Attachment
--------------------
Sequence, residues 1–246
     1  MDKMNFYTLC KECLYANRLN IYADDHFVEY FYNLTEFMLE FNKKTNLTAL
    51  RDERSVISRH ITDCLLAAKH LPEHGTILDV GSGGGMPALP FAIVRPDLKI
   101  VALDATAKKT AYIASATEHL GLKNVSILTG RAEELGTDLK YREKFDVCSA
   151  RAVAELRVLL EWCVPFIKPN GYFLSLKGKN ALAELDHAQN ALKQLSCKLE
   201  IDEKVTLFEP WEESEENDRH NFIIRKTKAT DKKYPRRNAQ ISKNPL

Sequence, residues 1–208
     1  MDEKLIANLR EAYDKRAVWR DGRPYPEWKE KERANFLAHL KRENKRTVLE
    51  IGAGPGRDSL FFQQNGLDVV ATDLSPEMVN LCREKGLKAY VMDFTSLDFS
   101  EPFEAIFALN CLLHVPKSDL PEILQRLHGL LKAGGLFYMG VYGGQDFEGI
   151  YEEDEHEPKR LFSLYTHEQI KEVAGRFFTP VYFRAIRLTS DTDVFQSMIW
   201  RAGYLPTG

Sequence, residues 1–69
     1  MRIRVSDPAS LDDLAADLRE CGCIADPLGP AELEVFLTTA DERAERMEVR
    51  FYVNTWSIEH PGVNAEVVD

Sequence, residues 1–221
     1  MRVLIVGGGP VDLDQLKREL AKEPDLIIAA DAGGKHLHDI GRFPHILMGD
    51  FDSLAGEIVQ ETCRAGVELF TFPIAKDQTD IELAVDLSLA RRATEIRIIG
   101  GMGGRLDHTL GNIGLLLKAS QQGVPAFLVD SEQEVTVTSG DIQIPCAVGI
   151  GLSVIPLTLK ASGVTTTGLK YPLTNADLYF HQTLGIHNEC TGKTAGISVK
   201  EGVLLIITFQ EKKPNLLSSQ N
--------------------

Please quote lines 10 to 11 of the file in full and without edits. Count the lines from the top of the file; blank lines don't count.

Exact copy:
   101  EPFEAIFALN CLLHVPKSDL PEILQRLHGL LKAGGLFYMG VYGGQDFEGI
   151  YEEDEHEPKR LFSLYTHEQI KEVAGRFFTP VYFRAIRLTS DTDVFQSMIW